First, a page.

If you are having problems with credit card debts
or if you simply want to make a move to pay off what you owe here because you want to stop having to pay interest then there a series of measures that you can take to improve the way that you pay off your cards.
Most people who do have credit or store card debts will actually hold more than one card. This can actually have an adverse effect on them paying off their debts in the most efficient way because they don’t know whether to treat all the card debts in the same way or to keep the majority ticking over whilst they concentrate on paying off one card.
- The fact is that not all credit cards and the debts that you have on them will be the same. Some will come with higher rates of interest and you’ll have larger debts on some cards than on others. So, the measures you take to prioritise your debts with credit and store cards may be different according to your circumstances.
The first thing you should do in all cases is to stop spending on your cards. It is far harder to pay back what you owe if you keep adding to it. If this is not possible for you because you need to use your cards to simply get by every month then you may not find a solution here and you may need to talk to a debt counsellor to find a more formal way of sorting out your debts.
If this is possible for you, however, then you next need to look at whether any of your cards is offering a balance transfer deal. If you have a gap between your debts and your credit limit on this card then you could look at transferring a balance from another card with high(er) interest rates on to this one. This will cut down on the interest you’ll be charged from the start.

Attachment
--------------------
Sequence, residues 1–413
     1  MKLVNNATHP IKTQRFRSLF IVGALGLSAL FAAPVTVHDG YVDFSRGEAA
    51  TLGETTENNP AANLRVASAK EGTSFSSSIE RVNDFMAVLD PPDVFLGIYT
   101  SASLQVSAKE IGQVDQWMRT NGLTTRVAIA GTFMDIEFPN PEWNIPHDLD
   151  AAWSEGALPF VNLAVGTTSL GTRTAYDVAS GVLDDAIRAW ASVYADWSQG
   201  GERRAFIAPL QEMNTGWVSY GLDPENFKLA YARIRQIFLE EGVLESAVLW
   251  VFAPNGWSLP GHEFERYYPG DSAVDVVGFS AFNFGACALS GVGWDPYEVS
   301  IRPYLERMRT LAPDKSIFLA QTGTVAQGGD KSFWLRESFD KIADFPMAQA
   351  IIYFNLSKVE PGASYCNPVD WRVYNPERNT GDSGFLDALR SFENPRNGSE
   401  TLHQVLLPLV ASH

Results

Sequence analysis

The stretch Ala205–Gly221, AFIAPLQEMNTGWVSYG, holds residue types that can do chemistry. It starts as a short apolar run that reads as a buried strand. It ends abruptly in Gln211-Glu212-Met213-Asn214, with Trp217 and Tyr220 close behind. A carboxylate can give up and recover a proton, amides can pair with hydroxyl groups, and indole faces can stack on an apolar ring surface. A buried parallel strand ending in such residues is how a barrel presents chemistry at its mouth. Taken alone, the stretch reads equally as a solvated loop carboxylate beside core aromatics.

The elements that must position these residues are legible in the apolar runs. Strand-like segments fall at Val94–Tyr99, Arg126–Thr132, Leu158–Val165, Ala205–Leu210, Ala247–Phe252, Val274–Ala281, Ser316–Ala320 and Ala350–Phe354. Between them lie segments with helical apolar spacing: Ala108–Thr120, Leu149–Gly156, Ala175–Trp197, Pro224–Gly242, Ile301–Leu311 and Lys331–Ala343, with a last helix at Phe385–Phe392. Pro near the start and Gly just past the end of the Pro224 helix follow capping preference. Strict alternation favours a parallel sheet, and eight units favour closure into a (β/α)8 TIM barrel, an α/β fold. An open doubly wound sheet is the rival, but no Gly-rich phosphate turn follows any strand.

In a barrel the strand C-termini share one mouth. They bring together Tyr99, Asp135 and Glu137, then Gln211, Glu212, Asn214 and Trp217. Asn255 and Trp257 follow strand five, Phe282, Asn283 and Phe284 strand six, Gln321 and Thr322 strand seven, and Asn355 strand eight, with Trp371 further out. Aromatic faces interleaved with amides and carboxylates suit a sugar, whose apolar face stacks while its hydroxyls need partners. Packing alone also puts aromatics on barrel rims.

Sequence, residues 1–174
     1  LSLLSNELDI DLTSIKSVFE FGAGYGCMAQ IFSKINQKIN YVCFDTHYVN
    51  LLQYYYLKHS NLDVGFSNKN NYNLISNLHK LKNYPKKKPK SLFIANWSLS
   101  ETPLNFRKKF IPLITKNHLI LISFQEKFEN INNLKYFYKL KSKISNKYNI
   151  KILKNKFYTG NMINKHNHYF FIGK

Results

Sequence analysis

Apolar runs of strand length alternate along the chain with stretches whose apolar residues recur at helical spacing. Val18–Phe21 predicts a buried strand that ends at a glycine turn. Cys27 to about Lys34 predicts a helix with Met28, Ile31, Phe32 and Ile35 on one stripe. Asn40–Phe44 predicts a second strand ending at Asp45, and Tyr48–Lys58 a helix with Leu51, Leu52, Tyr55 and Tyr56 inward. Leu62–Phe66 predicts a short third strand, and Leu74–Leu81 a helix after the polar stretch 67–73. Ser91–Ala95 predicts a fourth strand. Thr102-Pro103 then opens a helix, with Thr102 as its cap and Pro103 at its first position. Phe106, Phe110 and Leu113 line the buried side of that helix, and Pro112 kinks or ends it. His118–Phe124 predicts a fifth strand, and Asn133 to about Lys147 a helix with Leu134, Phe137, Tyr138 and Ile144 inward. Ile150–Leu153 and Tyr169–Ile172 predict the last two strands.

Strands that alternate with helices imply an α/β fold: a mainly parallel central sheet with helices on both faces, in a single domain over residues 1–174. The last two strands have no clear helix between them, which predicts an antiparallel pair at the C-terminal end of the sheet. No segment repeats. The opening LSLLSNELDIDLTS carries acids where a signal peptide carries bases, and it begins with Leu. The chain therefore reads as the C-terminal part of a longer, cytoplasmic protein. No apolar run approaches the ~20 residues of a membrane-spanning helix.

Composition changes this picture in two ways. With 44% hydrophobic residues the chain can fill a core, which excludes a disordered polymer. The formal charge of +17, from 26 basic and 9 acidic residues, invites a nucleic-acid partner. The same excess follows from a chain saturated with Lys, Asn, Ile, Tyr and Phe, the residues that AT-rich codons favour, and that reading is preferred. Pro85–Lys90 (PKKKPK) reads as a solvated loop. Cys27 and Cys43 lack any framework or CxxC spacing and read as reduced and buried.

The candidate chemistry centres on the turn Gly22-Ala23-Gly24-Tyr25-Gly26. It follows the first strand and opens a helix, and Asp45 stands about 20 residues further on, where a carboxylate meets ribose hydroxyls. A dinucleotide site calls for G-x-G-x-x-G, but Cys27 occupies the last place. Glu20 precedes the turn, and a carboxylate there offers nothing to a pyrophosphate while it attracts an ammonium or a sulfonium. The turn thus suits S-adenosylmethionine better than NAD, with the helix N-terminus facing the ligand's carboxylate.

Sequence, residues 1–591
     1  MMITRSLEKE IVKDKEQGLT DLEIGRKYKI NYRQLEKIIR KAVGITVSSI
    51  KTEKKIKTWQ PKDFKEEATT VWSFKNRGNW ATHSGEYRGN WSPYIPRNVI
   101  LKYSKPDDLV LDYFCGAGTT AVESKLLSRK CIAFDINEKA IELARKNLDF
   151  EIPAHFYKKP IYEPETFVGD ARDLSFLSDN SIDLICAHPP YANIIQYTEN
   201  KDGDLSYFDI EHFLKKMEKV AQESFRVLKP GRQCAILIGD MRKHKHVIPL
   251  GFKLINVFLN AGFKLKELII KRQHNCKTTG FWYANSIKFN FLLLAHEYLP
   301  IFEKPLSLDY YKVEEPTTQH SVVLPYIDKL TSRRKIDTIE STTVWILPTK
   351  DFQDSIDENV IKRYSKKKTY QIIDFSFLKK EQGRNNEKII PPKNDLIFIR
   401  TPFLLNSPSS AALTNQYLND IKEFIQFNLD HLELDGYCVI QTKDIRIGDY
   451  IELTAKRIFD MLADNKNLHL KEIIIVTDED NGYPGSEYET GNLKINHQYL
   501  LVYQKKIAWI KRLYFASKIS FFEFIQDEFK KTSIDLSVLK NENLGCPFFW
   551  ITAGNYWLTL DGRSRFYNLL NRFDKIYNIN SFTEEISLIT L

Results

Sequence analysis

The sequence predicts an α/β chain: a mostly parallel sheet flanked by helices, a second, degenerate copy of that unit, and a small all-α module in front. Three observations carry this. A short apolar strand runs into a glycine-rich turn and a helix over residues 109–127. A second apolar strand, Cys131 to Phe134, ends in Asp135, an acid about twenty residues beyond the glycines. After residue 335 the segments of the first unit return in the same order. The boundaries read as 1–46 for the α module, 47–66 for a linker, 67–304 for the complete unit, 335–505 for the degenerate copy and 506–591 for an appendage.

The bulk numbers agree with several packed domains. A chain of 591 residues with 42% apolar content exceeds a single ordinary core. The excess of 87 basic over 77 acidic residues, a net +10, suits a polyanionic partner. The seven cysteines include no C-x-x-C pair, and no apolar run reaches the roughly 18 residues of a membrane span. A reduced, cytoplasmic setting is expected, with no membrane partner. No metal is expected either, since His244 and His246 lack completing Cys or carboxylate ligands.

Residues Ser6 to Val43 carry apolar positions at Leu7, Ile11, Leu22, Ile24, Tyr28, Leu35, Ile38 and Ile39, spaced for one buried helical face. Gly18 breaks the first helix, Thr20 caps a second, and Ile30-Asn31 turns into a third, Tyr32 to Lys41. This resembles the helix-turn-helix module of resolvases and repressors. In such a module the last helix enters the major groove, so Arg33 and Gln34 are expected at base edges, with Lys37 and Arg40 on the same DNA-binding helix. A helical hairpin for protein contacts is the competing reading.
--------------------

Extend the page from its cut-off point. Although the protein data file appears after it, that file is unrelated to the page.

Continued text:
Next you need to look at what you actually owe on your cards. You will then need to work out how much interest you are being charged on each credit/store card. In some cases your interest charges may all be around the same level in which case you will use your actual balances as a priority measure.
For the sake of example, let’s say that you have three credit cards that charge more or less the same interest rates. Your first balance stands at £3,000 (minimum monthly payment of £70), your second at £1,200 (minimum monthly payment of £40) and your third at £750 (minimum monthly payment of £20). You have £250 to spend each month on servicing your debts.
There are two ways you can prioritise your payments here.
The one you choose will ultimately be up to you and the way you want to clear your cards.
- Aim to pay off the lowest balance first. Here, you make only minimum payments on the two higher balance cards and concentrate all your efforts on paying off the lowest one first. This is often referred to as snowballing. Once you’ve paid off the first card, you will then have more cash spare to put towards paying off the second one and then you can concentrate on the last one. This can be a useful solution if you would feel happier seeing more immediate results.
- Aim to pay off the highest payment first. Many people prefer this route as it addresses the higher interest being added to the higher debt. So, you basically reverse the process from the first solution and only make minimum payments on the cards with lower balances and throw everything you have left over at your first debt. Then you can move on to repaying the second and the third.
If you have a significant difference in interest rates then this is the way you should consider repaying what you owe. The card with the highest rates of interest is the debt that will grow most quickly. So, in this scenario your priority should be to repay that card first, making minimum payments on the other two. Then move on to the next highest before concentrating on the lowest rate card.
Taking this kind of priority route often suits a lot of people better as it can be a quicker way of paying off what you owe and you can see immediate benefits. If you simply split your payments equally between cards without thinking about what you owe and what interest rates you are being charged then you may take longer to pay off all your debts and it will take a long time before you see your balances go down.